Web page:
Hysterectomy and Cardiovascular Disease: Conserve the Ovaries?

JoAnn E. Manson, MD, DrPH


February 22, 2011

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Hello. This is Dr. JoAnn Manson, Professor of Medicine at Harvard Medical School Brigham and Women's Hospital. I'd like to talk with you today about the subject of hysterectomy for benign disease and the relative merit of ovarian conservation vs bilateral oophorectomy. Recent studies have shed light on this very thorny issue of whether to remove the ovaries when hysterectomy is done for benign disease.

A recent paper was published in the European Heart Journal[1] on a study that was done in Sweden. They studied a large population that included more than 184,000 women with hysterectomy. They were followed with register linkage for cardiovascular hospitalizations. This study suggested that women who had a hysterectomy with oophorectomy done at a younger age (before age 50) had a significant increase in both coronary hospitalizations as well as stroke, about a 40% increase. Even women who had a hysterectomy without oophorectomy had about a 15%-20% increase in cardiovascular hospitalizations.

These findings of an increased risk for cardiovascular outcomes in women with bilateral oophorectomy before age 50 are very similar to our findings in the Nurses' Health Study that we published in Obstetrics and Gynecology in 2009.[2] We followed more than 29,000 women in the Nurses' Health Study who had hysterectomy, and women who had hysterectomy with oophorectomy had a significant increase in all-cause mortality as well as coronary heart disease. It was relatively modest in the overall cohort, but among women who had hysterectomy and bilateral oophorectomy before age 50 and who were not treated with estrogen, there was close to a doubling in the risk for heart disease and stroke and about a 40% increase in all-cause mortality.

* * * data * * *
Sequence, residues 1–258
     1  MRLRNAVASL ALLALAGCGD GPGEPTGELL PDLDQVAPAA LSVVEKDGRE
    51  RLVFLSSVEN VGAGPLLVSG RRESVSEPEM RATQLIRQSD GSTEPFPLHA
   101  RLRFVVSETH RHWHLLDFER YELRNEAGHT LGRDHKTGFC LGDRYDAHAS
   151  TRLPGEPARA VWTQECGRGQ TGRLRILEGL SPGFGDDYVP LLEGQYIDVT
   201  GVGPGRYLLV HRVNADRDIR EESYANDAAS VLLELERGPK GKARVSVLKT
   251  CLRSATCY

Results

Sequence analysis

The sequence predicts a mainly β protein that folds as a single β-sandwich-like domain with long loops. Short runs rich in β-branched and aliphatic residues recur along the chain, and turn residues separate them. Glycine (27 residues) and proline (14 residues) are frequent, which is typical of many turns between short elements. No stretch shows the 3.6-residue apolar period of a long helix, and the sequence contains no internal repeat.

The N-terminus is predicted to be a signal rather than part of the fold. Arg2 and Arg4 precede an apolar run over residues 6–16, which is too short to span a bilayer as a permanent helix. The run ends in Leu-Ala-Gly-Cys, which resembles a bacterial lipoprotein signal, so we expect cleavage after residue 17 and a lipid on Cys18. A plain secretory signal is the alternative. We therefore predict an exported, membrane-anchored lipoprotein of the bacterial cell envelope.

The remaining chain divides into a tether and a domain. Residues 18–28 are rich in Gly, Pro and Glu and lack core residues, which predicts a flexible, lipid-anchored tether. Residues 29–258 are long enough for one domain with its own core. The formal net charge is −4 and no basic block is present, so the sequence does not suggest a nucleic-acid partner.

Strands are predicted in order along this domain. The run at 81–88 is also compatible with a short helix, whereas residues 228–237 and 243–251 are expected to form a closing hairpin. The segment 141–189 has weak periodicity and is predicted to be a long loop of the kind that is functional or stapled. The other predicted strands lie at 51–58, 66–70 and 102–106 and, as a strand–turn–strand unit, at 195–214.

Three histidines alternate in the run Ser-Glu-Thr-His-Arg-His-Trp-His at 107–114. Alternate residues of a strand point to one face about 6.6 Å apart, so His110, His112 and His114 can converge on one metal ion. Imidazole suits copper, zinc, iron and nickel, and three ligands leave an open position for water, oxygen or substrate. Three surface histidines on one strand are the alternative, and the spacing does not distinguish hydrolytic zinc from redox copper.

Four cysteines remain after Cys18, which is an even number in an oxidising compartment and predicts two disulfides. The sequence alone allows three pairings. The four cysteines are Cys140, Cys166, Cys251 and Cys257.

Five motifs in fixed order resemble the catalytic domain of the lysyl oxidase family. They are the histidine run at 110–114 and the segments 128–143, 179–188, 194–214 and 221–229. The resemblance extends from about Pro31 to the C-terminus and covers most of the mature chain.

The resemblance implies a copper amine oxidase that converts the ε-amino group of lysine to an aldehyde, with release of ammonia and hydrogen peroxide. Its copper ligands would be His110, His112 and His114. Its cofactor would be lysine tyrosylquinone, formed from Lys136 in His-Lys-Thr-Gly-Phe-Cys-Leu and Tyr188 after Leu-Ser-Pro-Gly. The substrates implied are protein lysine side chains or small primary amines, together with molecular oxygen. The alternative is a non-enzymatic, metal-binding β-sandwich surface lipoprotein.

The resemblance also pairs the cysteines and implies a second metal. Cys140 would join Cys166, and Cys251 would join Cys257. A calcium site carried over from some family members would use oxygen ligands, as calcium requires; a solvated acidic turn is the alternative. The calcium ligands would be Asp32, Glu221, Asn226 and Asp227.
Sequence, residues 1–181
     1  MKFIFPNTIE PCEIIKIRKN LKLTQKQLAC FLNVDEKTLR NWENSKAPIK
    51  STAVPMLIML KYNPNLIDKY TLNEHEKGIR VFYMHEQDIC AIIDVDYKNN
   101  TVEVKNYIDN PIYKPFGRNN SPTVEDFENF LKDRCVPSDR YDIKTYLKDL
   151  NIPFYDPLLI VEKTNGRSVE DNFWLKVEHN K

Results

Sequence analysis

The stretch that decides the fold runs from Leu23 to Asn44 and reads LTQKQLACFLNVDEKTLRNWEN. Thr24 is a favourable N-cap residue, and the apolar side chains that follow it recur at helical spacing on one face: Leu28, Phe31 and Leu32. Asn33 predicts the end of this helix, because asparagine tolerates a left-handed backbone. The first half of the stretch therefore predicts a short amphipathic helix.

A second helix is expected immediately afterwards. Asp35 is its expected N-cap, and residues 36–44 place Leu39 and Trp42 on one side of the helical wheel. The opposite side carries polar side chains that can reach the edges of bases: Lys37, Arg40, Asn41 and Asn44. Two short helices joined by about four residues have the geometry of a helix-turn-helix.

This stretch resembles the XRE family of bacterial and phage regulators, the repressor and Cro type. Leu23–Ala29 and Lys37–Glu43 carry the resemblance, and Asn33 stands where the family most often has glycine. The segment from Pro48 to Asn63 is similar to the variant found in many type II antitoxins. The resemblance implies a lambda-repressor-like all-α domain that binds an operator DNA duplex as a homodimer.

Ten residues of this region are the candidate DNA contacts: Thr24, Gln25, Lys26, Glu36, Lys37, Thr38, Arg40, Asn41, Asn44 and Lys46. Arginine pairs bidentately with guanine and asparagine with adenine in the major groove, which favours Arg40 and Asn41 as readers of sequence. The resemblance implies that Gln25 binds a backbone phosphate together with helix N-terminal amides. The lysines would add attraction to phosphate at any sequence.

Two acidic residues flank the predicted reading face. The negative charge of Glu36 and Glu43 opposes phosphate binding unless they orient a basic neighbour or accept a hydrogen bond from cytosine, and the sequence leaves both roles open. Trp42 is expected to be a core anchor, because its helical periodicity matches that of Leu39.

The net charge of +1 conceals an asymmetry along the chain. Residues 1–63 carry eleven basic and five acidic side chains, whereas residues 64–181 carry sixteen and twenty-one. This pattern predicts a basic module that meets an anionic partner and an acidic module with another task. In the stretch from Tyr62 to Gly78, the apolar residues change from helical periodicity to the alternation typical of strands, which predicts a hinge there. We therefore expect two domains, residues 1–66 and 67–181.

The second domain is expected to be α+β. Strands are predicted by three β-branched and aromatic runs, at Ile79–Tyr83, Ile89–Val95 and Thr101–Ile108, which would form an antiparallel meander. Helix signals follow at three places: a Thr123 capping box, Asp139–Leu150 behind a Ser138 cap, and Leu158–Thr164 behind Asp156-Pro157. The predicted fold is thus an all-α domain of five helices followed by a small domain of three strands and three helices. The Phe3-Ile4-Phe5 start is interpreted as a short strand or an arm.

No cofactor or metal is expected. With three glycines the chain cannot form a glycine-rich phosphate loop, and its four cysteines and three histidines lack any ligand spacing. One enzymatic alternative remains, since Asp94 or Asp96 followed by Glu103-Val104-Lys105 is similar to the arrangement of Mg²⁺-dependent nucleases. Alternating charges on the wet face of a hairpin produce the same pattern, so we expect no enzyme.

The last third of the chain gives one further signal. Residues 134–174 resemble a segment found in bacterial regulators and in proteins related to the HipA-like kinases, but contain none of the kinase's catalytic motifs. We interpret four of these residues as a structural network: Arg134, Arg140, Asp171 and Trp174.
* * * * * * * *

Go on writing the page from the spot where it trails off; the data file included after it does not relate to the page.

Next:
Overall, these studies do raise concerns, particularly about hysterectomy with bilateral oophorectomy done before the age of 50. Whether hysterectomy alone increases the risk for vascular outcomes, perhaps as a result of some disruption of the blood supply to the ovaries, remains unclear because of the large number of potential confounding factors for hysterectomy, including obesity. With bilateral oophorectomy, there does appear to be strong evidence of an increased risk for cardiovascular events, suggesting that in younger women who have hysterectomy for benign disease, bilateral oophorectomy should be avoided if possible, and when done, serious consideration should be given to estrogen treatment at least until the average age of natural menopause.

It's important to emphasize that these findings are for women at usual risk. We're not talking about women who are at increased risk for breast cancer or ovarian cancer, strong family history, BRCA gene positivity, etc, in whom the benefits of oophorectomy will often outweigh the risk. These findings suggest that for women at usual risk, bilateral oophorectomy at a younger age does appear to be associated with an increased risk for cardiovascular events. Thank you very much. This is JoAnn Manson.


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